The Pacific Northwest is gray and rainy about eight to nine months out of the year. It’s pretty dreary weather, the type that makes you want to hole up inside a warm house in front of a fire and vegetate. This last winter and spring were particularly brutal. Just this week we had our first day over 75 degrees in 277 days. Ugh. It feels like I could count on one hand the sunny days we’re had since last fall.
Most of us just slog onward and deal with it.
Whenever I consider a life free of horses, I often think of two things: the above mentioned weather and my non-horsey friends.
You might wonder what the weather has to do with not owning horses. First of all, if I was a trail rider, this weather might be conducive to saving money by getting out of a hobby I can do only a few months out of the year (assuming I’m a fair weather trail rider). But my particular equine hobby is done in an arena and the weather doesn’t really play into it so why is the weather one of the reasons I keep paying out cash for the privilege of owning a four-legged money pit?
It’s as simple as this: First, dressage requires the horse and rider to be in shape. You really need to ride 4 to 5 times a week to do the sport and your horse justice. Second, when you’re shelling out all this money, you’re more likely to ride the horse, at least I am. So that brings me in a roundabout way to my point: If I didn’t have a dressage horse, I’d never venture outside nine-plus months of the year. I’d become a couch potato, put on even more weight, and live in a controlled inside environment. Even though it can be miserable and nasty, I’d never experience firsthand the changes in the weather, never learn to appreciate the winter, fall, and spring days.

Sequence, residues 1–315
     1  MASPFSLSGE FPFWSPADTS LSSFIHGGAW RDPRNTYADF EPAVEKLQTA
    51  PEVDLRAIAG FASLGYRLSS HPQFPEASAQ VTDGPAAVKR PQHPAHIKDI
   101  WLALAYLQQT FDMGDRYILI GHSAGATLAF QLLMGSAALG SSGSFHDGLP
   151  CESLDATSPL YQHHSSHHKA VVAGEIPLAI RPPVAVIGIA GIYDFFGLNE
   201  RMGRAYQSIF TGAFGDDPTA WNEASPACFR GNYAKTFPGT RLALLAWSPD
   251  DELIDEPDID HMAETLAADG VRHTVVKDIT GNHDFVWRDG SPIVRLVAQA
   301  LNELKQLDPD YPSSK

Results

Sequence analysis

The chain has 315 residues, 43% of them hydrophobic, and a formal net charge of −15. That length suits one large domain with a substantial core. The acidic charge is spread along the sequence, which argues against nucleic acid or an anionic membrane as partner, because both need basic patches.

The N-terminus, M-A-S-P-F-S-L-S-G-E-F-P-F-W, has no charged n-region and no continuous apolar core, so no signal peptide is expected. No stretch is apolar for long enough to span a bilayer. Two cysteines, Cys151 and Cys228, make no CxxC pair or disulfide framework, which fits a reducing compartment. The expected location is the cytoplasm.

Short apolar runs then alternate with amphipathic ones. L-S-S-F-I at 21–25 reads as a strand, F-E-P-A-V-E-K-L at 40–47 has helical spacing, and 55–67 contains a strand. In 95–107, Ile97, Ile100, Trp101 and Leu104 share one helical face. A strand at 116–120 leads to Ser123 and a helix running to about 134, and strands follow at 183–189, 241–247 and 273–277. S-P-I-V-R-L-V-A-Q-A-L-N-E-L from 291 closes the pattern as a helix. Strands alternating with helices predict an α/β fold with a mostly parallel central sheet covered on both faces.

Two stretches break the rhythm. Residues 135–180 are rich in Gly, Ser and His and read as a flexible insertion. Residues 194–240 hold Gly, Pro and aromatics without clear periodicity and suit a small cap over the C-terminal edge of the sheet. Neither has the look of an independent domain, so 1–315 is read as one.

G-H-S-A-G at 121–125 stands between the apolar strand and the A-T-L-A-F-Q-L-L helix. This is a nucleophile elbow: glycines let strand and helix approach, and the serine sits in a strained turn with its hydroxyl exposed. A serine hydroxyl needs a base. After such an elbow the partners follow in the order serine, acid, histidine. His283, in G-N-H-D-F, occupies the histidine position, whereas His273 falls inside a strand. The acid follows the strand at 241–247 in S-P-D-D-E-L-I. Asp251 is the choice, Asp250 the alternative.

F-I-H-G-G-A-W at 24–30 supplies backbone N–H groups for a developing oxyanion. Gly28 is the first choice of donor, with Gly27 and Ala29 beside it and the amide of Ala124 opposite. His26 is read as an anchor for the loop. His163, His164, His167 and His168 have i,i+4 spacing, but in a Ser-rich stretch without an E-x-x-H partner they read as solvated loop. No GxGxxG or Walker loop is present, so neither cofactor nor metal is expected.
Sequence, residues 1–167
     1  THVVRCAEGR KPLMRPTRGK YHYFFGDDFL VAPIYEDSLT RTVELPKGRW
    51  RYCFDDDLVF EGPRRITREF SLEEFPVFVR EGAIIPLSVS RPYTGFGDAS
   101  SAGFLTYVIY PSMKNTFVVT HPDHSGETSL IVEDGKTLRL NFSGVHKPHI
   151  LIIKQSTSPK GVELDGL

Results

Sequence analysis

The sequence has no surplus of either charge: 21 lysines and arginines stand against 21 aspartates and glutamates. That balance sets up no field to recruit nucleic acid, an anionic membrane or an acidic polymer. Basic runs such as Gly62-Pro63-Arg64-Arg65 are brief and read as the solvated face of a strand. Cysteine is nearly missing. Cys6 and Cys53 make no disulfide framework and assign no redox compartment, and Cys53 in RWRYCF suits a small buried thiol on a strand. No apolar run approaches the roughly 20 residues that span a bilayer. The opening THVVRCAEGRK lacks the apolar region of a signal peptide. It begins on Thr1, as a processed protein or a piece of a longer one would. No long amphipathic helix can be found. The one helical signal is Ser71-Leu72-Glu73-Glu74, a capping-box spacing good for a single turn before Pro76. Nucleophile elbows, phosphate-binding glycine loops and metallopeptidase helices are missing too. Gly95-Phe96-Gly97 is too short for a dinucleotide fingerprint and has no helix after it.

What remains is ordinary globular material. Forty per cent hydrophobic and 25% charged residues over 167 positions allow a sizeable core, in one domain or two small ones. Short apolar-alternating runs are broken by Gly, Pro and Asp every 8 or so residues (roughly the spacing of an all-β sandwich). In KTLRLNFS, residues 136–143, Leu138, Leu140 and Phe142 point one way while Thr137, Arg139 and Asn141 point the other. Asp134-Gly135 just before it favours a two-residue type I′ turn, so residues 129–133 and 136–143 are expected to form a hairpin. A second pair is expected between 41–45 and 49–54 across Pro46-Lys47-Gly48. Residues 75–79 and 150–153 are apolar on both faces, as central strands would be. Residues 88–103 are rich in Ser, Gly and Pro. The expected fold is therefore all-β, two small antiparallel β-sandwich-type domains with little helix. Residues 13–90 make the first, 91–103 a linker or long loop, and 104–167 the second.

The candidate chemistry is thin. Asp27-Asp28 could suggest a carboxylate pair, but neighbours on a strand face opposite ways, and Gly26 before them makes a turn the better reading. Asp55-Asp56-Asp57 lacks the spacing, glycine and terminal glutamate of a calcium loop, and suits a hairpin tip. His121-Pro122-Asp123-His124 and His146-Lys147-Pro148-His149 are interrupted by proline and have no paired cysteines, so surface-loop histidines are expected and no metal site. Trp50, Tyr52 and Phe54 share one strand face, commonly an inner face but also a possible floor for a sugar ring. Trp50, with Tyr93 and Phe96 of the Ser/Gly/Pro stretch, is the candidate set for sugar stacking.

And here’s where I come to the “non-horsey friends” part. I have lots of non-horsey friends. They stay inside during bad weather unless it’s to run from the parking lot to a store. They often don’t leave their couch. They get caught up in American Idol or The Bachelor or some other TV show that I rarely have the time to watch or even case to watch. They don’t get the perks of communing with nature or getting exercise. I actually feel sorry for them. They don’t know what they’re missing. Many of the women I know who ride regularly are in their 40s and 50s, yet not one of them looks that old. I’d like to think horses have a way of keeping us young with a little help from the elements and the physical exercise.
So every time I consider getting out of horses, I consider the obvious, which is I love horses. They’ve been a part of my life in some form since I was three years old. But above and beyond my love for the animals, I consider how sad it would be to rarely get outside, rarely brave the elements while bundled up and ready to ride. When I think of what I’d lose, I get out my checkbook and write another month’s check for board because the alternative would make me old before my time.